Smarter Technologies explores how smart technology can help resource managers and headteachers make school environments as safe as possible
With pupils due to return to school on March 8, there are a number of safety measures that schools must implement to ensure the health and well-being of staff, students and school communities.
The first lockout and closure of schools that introduced pandemic infection introduced a “warning bullet” to managers of educational facilities, prompting headteachers to review school safety standards. Now that the third lock is here and schools have been closed for a second time, anyone behind the loop with the benefits of smart technology should now board before children return to the environment of the school. And with the ever-changing strains of the COVID-19 virus, schools cannot be “late to class” when it comes to health and safety.
Some schools in the U.S. have been using smart technologies for a while to measure resource consumption and efficiency, streamline maintenance and strengthen overall school safety. Now, these technologies play an important role in keeping school buildings healthy and preventing the spread of disease.
So, let’s take a look at how smart technology can help schools become safer, as well as more energy efficient and cost effective.
Thermal detection cameras
Smart cameras placed at school entry points can take away the manual work of a temperature test. These cameras provide real-time, real-time temperature of individuals in real time. If a high temperature is detected, the software will immediately notify the relevant party. It can also be set to deny access to those with high temperatures or to people who do not wear masks.
As the coronavirus continues to sweep through the world’s population, health care providers should be heightened alert for Legionnaires’ disease, another potential cause of major seizures. similar symptoms. Legionella are deadly bacteria that can trap school water supply and cause outbreaks of Legionnaires ’disease. It is the responsibility of school care to prevent Legionella infection by monitoring the risk of bacterial spread.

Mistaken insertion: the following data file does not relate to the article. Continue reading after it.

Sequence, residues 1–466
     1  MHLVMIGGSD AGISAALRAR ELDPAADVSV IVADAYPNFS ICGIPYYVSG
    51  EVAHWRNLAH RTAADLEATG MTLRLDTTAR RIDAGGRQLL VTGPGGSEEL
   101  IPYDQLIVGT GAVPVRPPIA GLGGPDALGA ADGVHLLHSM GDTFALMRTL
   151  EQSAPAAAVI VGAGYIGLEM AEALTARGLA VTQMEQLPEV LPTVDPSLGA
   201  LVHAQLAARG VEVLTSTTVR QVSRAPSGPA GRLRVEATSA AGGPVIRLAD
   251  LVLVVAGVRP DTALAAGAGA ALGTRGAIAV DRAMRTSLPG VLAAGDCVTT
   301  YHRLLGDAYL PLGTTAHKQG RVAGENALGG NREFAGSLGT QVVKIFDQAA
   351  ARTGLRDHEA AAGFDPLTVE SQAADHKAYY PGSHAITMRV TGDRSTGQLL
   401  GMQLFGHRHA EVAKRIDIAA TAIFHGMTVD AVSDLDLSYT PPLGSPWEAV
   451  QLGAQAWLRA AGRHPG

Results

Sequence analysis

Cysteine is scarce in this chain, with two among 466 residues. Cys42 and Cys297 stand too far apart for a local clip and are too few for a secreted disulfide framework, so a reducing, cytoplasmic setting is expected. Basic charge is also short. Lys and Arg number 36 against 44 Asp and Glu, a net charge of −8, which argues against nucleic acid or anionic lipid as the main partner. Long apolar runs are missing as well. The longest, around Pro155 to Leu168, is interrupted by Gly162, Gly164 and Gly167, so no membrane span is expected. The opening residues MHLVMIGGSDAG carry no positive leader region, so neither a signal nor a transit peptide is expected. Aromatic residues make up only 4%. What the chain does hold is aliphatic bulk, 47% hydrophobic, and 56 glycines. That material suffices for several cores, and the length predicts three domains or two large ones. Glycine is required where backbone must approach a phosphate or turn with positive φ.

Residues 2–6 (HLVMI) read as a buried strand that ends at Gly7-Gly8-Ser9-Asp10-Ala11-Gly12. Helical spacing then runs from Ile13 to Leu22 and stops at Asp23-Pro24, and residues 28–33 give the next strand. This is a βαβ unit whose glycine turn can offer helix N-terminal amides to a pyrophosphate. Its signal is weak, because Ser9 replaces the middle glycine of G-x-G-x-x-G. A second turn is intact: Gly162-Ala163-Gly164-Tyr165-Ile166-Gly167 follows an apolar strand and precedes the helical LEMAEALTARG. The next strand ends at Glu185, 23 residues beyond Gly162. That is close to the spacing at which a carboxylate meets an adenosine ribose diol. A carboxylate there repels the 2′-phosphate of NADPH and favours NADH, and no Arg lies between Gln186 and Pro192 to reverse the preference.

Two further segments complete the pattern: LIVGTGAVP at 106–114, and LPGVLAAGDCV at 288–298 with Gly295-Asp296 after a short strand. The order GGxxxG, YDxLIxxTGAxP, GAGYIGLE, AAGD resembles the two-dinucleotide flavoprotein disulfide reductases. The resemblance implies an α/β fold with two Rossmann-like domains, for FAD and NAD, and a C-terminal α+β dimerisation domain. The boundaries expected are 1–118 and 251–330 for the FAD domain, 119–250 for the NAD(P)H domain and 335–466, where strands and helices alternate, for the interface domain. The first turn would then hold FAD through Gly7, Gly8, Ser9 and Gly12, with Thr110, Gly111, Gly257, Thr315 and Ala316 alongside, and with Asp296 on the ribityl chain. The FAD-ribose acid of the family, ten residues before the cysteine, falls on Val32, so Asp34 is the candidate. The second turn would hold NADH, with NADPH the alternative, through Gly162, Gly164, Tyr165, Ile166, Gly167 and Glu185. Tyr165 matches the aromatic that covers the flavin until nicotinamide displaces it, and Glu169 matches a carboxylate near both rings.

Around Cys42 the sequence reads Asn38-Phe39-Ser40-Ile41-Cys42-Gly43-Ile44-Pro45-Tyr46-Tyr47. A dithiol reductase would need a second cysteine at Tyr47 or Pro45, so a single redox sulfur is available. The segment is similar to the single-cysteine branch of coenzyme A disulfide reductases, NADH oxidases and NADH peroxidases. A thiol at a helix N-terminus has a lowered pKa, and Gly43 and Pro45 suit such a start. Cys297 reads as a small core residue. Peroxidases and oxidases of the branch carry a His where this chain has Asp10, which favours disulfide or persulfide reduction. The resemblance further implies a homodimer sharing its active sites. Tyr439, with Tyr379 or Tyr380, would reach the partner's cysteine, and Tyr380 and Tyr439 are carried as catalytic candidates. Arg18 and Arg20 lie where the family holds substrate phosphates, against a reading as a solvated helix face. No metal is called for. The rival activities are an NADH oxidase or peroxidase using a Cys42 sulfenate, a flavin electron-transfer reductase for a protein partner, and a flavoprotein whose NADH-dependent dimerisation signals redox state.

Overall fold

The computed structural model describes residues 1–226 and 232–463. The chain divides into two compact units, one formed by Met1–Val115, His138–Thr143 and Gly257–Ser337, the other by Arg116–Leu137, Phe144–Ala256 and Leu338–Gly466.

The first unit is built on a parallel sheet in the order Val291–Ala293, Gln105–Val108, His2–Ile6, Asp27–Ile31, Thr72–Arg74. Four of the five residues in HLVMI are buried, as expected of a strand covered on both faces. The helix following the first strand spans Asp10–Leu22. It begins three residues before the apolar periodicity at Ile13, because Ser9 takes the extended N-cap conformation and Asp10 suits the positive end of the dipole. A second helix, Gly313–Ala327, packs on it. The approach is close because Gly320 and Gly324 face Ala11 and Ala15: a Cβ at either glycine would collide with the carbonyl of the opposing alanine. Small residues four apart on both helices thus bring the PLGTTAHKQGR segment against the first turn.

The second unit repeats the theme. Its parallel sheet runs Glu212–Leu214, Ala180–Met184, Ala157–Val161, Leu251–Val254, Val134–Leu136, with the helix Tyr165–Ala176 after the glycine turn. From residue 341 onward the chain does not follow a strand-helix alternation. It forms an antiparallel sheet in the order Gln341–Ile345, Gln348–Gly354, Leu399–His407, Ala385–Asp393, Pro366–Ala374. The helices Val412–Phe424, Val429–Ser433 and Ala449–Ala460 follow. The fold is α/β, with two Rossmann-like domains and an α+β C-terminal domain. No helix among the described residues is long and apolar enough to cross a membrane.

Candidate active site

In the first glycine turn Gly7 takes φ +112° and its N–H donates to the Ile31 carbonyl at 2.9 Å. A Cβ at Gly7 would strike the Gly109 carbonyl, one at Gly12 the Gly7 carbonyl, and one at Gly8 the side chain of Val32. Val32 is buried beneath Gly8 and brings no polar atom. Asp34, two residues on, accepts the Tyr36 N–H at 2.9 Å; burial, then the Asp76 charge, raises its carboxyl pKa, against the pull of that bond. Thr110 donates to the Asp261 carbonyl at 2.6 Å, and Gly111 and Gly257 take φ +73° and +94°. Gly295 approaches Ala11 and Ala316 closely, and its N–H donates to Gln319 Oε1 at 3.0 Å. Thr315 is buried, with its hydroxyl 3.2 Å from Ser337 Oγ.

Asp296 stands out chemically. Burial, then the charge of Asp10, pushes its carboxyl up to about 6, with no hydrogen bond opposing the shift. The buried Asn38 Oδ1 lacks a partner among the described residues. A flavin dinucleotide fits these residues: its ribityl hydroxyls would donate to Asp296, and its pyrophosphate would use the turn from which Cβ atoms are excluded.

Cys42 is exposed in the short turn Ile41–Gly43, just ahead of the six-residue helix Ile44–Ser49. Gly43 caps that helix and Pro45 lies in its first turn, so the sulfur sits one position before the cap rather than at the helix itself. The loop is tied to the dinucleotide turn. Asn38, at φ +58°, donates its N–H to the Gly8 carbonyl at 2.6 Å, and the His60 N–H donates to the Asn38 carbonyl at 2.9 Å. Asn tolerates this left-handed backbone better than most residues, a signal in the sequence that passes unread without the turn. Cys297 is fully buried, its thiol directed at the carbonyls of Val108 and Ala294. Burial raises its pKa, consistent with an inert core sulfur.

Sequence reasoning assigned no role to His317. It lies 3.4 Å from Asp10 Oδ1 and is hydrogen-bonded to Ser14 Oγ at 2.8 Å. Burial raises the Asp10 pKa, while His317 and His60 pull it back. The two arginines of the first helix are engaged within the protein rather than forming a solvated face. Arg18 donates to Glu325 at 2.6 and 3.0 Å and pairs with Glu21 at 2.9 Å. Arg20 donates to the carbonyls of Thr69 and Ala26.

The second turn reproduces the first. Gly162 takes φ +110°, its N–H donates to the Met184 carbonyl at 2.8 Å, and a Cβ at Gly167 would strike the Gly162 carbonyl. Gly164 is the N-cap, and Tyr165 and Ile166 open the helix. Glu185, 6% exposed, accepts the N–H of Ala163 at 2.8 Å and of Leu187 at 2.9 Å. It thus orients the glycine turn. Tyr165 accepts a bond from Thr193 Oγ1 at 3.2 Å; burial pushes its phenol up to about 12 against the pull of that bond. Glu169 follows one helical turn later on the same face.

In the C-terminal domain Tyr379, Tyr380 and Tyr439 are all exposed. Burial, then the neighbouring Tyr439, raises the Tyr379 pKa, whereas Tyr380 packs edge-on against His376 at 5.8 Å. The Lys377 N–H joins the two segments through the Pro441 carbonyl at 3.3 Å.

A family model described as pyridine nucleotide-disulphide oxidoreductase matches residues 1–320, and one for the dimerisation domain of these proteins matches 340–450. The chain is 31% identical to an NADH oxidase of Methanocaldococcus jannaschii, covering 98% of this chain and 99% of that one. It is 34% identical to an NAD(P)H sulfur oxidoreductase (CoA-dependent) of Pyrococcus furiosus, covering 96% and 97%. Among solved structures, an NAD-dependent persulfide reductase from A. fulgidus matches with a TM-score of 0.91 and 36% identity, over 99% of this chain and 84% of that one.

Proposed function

Especially as schools reopen and previously dead plumbing and cooling systems return to use, additional Legionella cases could bring the ugly head back into emergency departments in the coming months . A trace of Legionella was recently found in a school in Worcester County. The school had to remain closed while treatment and testing took place.
The Health and Safety Executive advises: “If your premises were closed or reduced during the coronavirus outbreak (COVID-19), water system stagnation can occur due to lack of use, increases the risks of Legionnaires’ disease… If the water system is still in regular use, maintain the appropriate measures to prevent the growth of legionella. ”
Managing Legionella risk usually involves running out for two minutes, taking and recording the temperature of the water to make sure it does not help with growth. Legionella. This is a time consuming process, which is why schools are looking at automated water temperature monitoring systems. This sleek system with automatic water flow and temperature tests reports and records water temperature data in real time. Immediate alerts will alert relevant staff if water temperatures fall within “Legionella friendly” parameters.
Councilors say improving air filtration and ventilation in schools can help ease COVID-19 airborne transmission. Strategies include:
- Increases outdoor air ventilation
- Filtering indoor air
- Using portable air purifiers with HEPA filters
Smart construction technologies such as advanced HVAC controls can help facility managers promote cleaner air with less hassle. For example, HVAC smart systems use sensors to monitor speed and control variables such as:
- Indoor air quality
- The level of carbon dioxide and other pollutants
- This technology is also energy efficient and cost effective.
While these solutions may be fundamental in the reopening of schools during the COVID-19 era, they also have long-term benefits. While COVID-19 may have accelerated the adoption of smart technology, many of these solutions focus on overall health, well-being and safety; which has been missing in school systems for a long time.